# 8.1.2 Insertion Sort

The list-sort-best-first procedure seems quite inefficient. For every output element, we are searching the whole remaining list to find the best element, but do nothing of value with all the comparisons that were done to find the best element.

An alternate approach is to build up a sorted list as we go through the elements. Insertion sort works by putting the first element in the list in the right place in the list that results from sorting the rest of the elements.

First, we define the list-insert-one procedure that takes three inputs: a comparison procedure, an element, and a List. The input List must be sorted according to the comparison function. As output, list-insert-one produces a List consisting of the elements of the input List, with the input element inserts in the right place according to the comparison function.

(define (list-insert-one cf el p) ; requires: p is sorted by cf
(if (null? p) (list el)
(if (cf el (car p)) (cons el p)
(cons (car p) (list-insert-one cf el (cdr p))))))

The running time for list-insert-one is in $\Theta(n)$ where $n$ is the number of elements in the input list. In the worst case, the input element belongs at the end of the list and it makes $n$ recursive applications of list-insert-one. Each application involves constant work so the overall running time of list-insert-one is in $\Theta(n)$.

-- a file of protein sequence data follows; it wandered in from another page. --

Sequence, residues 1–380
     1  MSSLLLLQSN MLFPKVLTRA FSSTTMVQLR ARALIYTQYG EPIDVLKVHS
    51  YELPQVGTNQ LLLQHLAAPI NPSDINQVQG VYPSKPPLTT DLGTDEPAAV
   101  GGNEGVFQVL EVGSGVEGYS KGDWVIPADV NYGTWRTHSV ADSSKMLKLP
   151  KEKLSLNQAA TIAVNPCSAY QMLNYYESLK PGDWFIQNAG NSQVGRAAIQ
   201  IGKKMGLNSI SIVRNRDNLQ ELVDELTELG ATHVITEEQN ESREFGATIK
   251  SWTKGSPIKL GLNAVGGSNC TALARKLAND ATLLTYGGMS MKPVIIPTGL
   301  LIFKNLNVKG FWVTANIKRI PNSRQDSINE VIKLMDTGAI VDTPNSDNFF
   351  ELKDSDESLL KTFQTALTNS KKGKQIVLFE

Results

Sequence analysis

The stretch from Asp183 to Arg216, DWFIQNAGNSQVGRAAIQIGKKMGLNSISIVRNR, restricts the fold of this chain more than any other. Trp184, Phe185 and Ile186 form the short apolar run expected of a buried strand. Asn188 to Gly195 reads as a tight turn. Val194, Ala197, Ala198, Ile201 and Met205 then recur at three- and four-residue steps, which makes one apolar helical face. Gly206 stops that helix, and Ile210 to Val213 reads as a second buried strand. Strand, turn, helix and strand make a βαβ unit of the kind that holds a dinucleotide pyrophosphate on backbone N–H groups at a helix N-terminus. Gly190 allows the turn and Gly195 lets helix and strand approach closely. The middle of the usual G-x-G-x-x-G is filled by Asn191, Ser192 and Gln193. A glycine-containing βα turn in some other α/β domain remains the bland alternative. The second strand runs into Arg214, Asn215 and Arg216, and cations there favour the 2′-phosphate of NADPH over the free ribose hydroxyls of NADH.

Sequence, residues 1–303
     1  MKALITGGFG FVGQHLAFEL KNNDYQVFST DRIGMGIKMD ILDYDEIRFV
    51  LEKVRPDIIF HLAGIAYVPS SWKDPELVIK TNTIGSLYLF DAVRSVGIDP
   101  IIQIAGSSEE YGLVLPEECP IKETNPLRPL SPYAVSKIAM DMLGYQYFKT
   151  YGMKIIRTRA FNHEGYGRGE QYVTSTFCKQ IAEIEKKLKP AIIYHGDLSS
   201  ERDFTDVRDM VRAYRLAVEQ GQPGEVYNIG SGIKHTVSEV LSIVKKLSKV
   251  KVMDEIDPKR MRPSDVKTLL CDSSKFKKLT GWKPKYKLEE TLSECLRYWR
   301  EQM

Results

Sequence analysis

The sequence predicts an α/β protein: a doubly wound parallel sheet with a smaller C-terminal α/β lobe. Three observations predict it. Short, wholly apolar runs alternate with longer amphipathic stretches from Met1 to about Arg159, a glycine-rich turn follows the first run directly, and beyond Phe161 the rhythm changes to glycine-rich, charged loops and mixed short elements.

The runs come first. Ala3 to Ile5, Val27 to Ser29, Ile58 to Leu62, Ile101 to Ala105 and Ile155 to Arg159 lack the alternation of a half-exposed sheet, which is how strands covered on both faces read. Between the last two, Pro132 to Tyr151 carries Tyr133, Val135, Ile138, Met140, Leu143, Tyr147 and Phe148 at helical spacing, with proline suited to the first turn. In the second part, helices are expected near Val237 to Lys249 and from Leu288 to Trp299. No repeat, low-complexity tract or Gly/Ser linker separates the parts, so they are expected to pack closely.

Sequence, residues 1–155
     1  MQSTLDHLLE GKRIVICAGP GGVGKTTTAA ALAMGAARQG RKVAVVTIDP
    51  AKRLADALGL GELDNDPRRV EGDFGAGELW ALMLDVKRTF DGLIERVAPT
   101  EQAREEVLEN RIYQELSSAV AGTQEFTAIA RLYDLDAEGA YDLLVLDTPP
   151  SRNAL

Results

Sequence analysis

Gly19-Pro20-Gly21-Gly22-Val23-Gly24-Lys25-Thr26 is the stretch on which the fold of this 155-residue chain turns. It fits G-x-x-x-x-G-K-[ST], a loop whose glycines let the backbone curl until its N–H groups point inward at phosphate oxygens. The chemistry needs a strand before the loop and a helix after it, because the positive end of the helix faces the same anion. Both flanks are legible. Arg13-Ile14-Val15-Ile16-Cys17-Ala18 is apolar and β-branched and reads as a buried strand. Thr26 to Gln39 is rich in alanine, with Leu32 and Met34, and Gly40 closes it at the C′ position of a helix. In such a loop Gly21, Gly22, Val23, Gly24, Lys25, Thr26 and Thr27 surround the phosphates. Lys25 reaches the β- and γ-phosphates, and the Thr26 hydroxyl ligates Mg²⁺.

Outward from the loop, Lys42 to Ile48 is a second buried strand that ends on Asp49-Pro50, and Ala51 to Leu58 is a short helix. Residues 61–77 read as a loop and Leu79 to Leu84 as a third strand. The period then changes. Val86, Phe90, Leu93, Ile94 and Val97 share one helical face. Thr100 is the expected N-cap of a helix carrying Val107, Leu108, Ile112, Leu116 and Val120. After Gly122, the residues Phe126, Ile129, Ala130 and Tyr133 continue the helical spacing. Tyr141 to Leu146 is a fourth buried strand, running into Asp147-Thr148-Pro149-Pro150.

To sort the whole list, we insert each element into the list that results from sorting the rest of the elements:

(define (list-sort-insert cf p)
(if (null? p) null
(list-insert-one cf (car p) (list-sort-insert cf (cdr p)))))

Evaluating an application of list-sort-insert on a list of length $n$ involves $n$ recursive applications. The lengths of the input lists in the recursive applications are $n-1$, $n-2$, $\ldots$, 0. Each application involves an application of list-insert-one which has linear running time. The average length of the input list over all the applications is approximately $\frac{n}{2}$, so the average running time of the list-insert-one applications is in $\Theta(n)$. There are $n$ applications of \scheme|list-insert-one|, so the total running time is in $\Theta(n^2)$.

Exercise 8.5. We analyzed the worst case running time of list-sort-insert above. Analyze the best case running time. Your analysis should identify the inputs for which list-sort-insert runs fastest, and describe the asymptotic running time for the best case input.

Exercise 8.6. Both the list-sort-best-first-sort and list-sort-insert procedures have asymptotic running times in $\Theta(n^2)$. This tells us how their worst case running times grow with the size of the input, but isn't enough to know which procedure is faster for a particular input. For the questions below, use both analytical and empirical analysis to provide a convincing answer.
a. How do the actual running times of list-sort-best-first-sort and list-sort-insert on typical inputs compare?
b. Are there any inputs for which list-sort-best-first is faster than list-sort-insert?
c. For sorting a long list of $n$ random elements, how long does each procedure take? (See Exercise 8.2 for how to create a list of random elements.)